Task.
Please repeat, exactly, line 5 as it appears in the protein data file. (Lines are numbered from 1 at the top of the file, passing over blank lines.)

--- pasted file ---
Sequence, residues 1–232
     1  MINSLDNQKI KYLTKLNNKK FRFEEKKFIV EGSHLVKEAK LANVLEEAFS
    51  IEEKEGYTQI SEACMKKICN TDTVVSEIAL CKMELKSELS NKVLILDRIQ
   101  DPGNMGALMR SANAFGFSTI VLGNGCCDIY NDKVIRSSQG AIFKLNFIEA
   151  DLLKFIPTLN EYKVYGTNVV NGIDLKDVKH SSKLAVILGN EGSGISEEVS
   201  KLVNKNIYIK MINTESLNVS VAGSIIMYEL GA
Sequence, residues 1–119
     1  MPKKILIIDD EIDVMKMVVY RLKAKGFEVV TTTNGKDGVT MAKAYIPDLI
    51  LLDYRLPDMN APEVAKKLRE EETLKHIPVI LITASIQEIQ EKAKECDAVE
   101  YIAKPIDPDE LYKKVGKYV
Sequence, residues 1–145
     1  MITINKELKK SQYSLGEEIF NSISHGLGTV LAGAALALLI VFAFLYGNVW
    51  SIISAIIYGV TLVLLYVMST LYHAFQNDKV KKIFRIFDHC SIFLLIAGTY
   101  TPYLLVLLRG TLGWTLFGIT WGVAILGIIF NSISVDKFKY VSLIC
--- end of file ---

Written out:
   151  DLLKFIPTLN EYKVYGTNVV NGIDLKDVKH SSKLAVILGN EGSGISEEVS